According to FBSchedules.com, Hawaii will host Vanderbilt on August 27, 2022 in “Week Zero.” The game played before Labor Day weekend is allowed under NCAA scheduling rules. By playing a road game at Hawaii, Vanderbilt will be eligible to add a 13th game during the 2022 season under The Hawaii Exemption. With the NCAA moving toward a 14-week calendar allowing for two bye weeks, it remains to be seen how Vanderbilt will approach their scheduling.

Vanderbilt will host Hawaii in the second game of the home-and-home arrangement on September 30, 2023. The two schools have never faced each other in football.

Vanderbilt is required by the SEC to schedule at least one game each year against another power conference opponent or an approved equivalent such as BYU. Hawaii, a member of the Mountain West Conference, does not satisfy that scheduling requirement for the Commodores, but Vanderbilt already meets the scheduling requirement in 2022 and 2023 with a home-and-home series with Wake Forest of the ACC. Vanderbilt satisfies the SEC non-conference scheduling requirement every season through 2029 except for 2018. Vanderbilt still has one vacancy to fill on its 2018 schedule with games against Middle Tennessee and Tennessee State currently lined up.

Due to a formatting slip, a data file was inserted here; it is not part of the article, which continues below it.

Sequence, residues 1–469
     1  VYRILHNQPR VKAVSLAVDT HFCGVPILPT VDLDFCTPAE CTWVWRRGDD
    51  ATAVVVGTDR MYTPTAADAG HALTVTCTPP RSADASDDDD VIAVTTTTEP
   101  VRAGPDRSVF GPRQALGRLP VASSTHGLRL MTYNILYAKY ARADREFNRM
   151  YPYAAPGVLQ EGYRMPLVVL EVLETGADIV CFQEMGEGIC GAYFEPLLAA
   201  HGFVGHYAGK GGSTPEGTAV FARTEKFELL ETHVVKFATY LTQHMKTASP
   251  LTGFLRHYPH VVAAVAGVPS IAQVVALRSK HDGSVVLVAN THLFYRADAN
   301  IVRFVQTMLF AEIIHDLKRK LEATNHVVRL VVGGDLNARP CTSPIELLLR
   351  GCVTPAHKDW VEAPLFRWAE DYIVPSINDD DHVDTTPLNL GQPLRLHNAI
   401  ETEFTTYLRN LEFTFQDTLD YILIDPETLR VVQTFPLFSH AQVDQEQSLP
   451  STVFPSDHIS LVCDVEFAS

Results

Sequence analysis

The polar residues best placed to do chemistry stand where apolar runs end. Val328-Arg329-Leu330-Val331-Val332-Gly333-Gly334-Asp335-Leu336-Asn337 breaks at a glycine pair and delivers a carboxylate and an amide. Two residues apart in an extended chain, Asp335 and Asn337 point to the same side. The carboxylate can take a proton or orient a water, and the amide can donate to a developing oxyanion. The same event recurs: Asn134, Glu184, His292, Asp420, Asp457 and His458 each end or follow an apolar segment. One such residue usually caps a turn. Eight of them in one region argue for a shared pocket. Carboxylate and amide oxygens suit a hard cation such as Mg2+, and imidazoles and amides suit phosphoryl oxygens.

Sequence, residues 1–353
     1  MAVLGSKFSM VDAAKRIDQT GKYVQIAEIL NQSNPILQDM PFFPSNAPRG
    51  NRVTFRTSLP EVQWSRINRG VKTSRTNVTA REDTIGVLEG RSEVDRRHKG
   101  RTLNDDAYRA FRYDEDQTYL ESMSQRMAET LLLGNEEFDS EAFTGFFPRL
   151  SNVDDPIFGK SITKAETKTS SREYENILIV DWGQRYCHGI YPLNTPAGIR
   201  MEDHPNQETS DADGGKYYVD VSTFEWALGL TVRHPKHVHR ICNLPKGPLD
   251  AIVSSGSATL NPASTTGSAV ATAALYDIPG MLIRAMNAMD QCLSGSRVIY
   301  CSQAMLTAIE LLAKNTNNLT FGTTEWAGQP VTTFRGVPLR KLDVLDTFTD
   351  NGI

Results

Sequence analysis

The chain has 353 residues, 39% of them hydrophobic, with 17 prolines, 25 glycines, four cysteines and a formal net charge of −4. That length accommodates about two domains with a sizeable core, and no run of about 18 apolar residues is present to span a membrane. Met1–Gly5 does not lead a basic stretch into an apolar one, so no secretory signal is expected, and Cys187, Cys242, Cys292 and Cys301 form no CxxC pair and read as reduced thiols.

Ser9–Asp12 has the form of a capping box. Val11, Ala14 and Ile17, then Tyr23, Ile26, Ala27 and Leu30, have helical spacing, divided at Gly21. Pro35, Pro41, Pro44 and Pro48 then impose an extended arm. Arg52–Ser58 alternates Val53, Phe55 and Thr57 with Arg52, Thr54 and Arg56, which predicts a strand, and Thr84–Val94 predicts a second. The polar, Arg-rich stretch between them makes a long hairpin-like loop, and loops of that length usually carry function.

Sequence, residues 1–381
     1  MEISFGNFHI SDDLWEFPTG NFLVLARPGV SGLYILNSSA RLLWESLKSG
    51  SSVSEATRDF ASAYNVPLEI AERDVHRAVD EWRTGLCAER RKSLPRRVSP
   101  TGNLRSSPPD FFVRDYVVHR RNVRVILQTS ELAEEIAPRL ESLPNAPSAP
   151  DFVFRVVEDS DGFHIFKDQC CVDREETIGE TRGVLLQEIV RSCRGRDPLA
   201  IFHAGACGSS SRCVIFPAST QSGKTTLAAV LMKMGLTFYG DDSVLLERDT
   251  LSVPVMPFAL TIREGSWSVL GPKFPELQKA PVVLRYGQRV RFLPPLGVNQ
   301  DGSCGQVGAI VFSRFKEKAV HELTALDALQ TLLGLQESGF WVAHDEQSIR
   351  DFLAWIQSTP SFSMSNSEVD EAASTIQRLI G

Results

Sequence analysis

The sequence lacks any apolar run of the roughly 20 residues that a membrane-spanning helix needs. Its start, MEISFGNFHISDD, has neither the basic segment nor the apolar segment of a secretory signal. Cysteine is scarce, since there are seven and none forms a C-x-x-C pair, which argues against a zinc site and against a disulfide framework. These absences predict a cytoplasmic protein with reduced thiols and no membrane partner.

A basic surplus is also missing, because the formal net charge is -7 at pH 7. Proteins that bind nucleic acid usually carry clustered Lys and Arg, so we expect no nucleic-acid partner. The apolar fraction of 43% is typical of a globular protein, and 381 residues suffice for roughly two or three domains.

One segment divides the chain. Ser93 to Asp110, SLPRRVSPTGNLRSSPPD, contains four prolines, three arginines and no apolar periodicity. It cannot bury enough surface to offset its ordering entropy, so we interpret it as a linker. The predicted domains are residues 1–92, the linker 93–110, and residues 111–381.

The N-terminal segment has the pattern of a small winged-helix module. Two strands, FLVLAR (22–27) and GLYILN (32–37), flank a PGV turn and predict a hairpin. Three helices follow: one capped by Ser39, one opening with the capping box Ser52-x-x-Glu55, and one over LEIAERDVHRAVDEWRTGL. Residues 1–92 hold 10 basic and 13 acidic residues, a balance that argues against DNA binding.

VIDEO: Kansas showed off inside look of updated football facility

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With signing day coming up quickly, now is as good a time as any for football programs to show off their latest football facility renovations and upgrades. Kansas got in on the fun with a brief video tour of their newly updated football facilities, complete with laser tag-like lighting.

The new football facility was actually revealed prior to the 2016 season, but the Jayhawks wanted to remind everyone following them on Twitter just how cool their new locker room looks, potentially in hopes of catching the eyes of a recruit still mulling their decision for signing day.